Ionut Budisteanu, 19, of Romania bagged the first place for using artificial intelligence to create a viable model for a low-cost, self-driving car at this year’s Intel International Science and Engineering Fair held in Phoenix, Arizona from May 12 to May 17.
Ionut said his research addresses a major global issue of car accidents caused due to driver error. With 3-D radar and mounted cameras, Ionut created a feasible design for an autonomously controlled car that could detect traffic lanes and curbs, along with the real-time position of the car at a reasonable cost of US$ 4000. He received the Gordon E. Moore Award of US$ 75,000, named in honor of the Intel co-founder and fellow scientist.
From India, Aishwarya Ashok and Nayana Koravatti from Amrita Vidyalayam, Davangere bagged the fourth place in the mathematical sciences: geometry category and were awarded US$ 500 for their project entitled ‘dissection of square into ‘N’ congruent squares’. Khanak Bhargava and Ishani Goomer from Amity International School, Mayur Vihar were winners of the third award in the biochemistry category and received US$ 1,000 for their project entitled ‘testing kit to distinguish between artificially and naturally ripened fruits’. Akshat Boobna from Amity International School, Saket received an honourable mention from the Acoustical Society of America in the computer science: materials and bioengineering category for his project entitled ‘finding best speaker position using new algorithms to determine acoustic properties of a room’.
Team India was welcomed back by Rahul Gandhi and Debjani Ghosh, managing director, Sales and Marketing Group, Intel South Asia, on May 21. Gandhi said he would write to the HRD minister asking him to give a letter of recommendation to the children who represented the country at ISEF for the purpose of higher education.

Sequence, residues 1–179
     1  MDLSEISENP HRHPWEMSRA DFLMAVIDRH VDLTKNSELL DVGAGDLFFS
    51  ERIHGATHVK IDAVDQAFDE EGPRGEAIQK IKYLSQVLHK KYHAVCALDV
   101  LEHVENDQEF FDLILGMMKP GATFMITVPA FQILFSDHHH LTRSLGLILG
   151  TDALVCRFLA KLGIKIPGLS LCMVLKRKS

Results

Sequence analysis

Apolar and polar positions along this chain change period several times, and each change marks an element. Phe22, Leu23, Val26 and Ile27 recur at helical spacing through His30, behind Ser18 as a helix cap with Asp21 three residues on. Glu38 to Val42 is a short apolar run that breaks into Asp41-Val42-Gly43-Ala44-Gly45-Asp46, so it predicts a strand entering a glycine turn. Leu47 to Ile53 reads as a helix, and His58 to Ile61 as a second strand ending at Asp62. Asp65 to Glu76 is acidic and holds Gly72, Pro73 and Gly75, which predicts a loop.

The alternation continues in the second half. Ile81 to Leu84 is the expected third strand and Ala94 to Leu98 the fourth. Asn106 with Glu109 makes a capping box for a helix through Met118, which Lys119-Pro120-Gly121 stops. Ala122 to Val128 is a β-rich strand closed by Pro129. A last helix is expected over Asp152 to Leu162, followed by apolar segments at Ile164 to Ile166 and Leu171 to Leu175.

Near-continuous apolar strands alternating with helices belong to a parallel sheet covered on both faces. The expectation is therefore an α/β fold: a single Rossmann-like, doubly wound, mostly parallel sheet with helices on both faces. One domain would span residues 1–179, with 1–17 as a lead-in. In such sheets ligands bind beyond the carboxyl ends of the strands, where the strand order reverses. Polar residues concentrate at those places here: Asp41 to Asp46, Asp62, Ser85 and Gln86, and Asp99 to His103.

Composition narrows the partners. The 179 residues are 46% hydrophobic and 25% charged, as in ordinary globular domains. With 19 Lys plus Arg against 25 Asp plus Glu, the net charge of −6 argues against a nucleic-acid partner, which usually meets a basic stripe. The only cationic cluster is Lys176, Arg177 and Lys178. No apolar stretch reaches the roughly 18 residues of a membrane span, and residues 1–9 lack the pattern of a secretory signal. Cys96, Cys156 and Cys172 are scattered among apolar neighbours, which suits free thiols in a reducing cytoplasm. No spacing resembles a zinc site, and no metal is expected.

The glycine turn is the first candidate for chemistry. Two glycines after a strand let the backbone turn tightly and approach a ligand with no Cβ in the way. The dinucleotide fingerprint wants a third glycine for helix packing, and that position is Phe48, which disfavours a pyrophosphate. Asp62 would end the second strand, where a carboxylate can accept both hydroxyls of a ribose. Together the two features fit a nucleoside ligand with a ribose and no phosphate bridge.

Eesha Khare, 18, of Saratoga, California received the Intel Foundation Young Scientist Award of US$ 50,000 for developing an energy-efficient storage device that fits inside cell phone batteries, allowing them to fully charge within 20-30 seconds. Eesha’s invention also has potential applications for car batteries.
Henry Lin, 17, of Shreveport, Los Angeles also received the Intel Foundation Young Scientist Award of US$ 50,000. By simulating thousands of clusters of galaxies, Henry has provided scientists with valuable new data, allowing them to better understand the mysteries of astrophysics: dark matter, dark energy and the balance of heating and cooling in the universe’s most massive objects.
This year, approximately 1,600 young scientists from 433 affiliate fairs in more than 70 countries, regions and territories were chosen to compete in the Intel International Science and Engineering Fair. In addition to the winners mentioned above, more than 500 finalists received awards and prizes for their innovative research. Awards included 17 “Best of Category” winners who received a cash prize of US$ 5,000 each. The Intel Foundation also awarded US$ 1,000 grant to each winner’s school and to the affiliated fair they represent.
Society for Science & the Public, a nonprofit membership organization dedicated to public engagement in scientific research and education, has owned and administered the International Science and Engineering Fair since its inception in 1950.
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